Actually that’s a great question Quill and I should have been more specific. I used fresh apple cider which is sold around this time of year – usually refrigerated and in the produce section of your market. Apple juice would probably work just as well, but the apple cider isn’t filtered and has a more pronounced apple flavor I think. Hard cider would probably also work though!

  2. says

    Hi, I just found your blog through reddit, and just wanted to say that I think it’s great how you’ve communicated with the other readers in your comment section. Sign of a top-notch blog writer. Also, the recipe looks delicious and I’m going to try it at my earliest convience!

    • says

      Welcome and thanks! I don’t always get to answering all the comments as quickly as I’d like so I feel bad about that, but I do try to answer them all eventually and I love having conversations with people that take the time to comment! We have some great conversations over on the facebook page too so be sure to “like” us and join in anytime! :)

  3. says

    These look so yummy! Thanks for sharing. Doing the Whole30 now but as soon as it’s done I’m going to give these a shot. I have a feeling my boyfriend will love them :)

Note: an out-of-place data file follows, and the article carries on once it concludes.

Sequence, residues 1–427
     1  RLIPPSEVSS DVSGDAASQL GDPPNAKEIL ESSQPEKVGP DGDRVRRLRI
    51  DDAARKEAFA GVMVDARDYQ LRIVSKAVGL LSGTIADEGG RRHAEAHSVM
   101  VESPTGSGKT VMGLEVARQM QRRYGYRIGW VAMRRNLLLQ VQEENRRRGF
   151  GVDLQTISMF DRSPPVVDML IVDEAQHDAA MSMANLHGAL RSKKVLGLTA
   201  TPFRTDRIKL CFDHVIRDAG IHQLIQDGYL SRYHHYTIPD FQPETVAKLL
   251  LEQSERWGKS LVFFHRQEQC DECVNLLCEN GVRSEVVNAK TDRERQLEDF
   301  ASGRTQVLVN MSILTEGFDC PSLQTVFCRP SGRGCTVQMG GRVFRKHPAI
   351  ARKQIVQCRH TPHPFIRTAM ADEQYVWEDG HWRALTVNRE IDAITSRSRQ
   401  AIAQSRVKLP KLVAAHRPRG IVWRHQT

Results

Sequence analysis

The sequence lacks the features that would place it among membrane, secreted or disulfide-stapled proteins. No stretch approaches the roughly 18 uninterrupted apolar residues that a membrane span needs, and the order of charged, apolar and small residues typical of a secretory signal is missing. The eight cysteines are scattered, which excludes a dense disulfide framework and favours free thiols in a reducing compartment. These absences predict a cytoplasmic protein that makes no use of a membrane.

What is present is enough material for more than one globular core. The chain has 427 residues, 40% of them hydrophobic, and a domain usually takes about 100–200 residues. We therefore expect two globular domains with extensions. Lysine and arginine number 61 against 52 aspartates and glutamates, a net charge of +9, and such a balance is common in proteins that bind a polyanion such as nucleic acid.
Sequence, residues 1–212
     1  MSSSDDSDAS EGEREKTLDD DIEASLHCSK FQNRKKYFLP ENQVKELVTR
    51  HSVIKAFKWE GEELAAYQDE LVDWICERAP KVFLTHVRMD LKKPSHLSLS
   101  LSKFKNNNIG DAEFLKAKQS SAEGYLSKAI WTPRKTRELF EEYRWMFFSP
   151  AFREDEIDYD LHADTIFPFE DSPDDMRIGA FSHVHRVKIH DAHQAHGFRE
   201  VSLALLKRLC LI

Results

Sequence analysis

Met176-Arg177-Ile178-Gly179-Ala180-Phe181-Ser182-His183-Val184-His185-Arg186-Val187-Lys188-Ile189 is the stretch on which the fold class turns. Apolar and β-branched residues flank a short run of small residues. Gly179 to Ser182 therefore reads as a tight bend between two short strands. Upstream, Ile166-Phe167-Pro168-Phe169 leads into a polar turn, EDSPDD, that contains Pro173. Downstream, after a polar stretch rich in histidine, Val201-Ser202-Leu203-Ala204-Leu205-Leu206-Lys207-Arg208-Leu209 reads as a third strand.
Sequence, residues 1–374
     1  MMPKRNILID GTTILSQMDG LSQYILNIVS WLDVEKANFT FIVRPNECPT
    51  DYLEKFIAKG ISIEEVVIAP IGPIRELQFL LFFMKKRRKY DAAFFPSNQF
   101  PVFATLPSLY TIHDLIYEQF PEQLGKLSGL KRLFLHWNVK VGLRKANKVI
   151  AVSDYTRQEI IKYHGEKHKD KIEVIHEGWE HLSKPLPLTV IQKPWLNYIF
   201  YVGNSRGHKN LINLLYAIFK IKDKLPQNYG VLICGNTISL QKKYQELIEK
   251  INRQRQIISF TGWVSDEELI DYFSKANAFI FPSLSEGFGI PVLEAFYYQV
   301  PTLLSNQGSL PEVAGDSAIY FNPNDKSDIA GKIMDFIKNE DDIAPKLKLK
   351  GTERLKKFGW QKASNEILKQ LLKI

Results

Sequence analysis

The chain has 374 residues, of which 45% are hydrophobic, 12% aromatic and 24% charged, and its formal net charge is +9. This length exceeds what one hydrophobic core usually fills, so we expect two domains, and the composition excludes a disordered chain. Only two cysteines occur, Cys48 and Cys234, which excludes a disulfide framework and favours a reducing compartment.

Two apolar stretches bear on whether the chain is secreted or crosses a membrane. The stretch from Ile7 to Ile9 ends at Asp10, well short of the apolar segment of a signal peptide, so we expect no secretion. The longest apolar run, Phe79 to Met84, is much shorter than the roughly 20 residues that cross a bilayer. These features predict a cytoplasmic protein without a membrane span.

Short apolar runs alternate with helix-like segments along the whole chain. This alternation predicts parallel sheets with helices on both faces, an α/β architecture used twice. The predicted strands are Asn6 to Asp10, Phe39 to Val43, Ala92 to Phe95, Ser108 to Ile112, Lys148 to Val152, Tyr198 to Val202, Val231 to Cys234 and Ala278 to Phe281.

4. Rico says

    Hi Melissa,
    Thank you for this! Found the recipe yesterday and tried it today with what I had in the house and garden. Really great. I am actually glad I didn’t have anybody over, so I could eat them ALL ;) NOMNOMNOM
    I used strong cider as I read the comments only during eating and saw this question answered. And since I didn’t want to buy extra garlic powder and dried onions, I used fresh ones from the garden. I also added some chopped dried chilli (maybe 1/2 teaspoon) and some fresh parsley, but used too little salt, so I’ll follow your lead there the next time. The glaze didn’t work so well, but I guess that’s because the cider was clear and had some CO2 in it to begin with, so it didn’t really thickened (and I made waaay to much of it anyway)… better luck next time :)